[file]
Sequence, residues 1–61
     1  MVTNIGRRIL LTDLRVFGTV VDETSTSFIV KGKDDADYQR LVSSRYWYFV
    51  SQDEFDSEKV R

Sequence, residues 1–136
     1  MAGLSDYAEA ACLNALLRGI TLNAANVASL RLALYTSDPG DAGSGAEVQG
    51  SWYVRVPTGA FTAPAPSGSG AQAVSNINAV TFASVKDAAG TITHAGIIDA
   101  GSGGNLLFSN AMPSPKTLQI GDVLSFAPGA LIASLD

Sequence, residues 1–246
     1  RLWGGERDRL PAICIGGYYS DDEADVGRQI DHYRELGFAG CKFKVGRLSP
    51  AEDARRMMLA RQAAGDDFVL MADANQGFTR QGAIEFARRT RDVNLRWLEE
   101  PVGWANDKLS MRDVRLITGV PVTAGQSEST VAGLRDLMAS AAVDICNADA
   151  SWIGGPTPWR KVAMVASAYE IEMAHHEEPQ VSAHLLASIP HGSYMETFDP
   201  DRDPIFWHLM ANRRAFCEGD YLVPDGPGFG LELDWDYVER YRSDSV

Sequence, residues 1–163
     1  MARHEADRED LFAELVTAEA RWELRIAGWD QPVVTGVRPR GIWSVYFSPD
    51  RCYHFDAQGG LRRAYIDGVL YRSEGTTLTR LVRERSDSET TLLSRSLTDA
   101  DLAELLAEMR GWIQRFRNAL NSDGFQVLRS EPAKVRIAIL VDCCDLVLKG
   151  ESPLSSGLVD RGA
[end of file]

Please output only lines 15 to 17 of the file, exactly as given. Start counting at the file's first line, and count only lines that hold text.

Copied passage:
     1  MARHEADRED LFAELVTAEA RWELRIAGWD QPVVTGVRPR GIWSVYFSPD
    51  RCYHFDAQGG LRRAYIDGVL YRSEGTTLTR LVRERSDSET TLLSRSLTDA
   101  DLAELLAEMR GWIQRFRNAL NSDGFQVLRS EPAKVRIAIL VDCCDLVLKG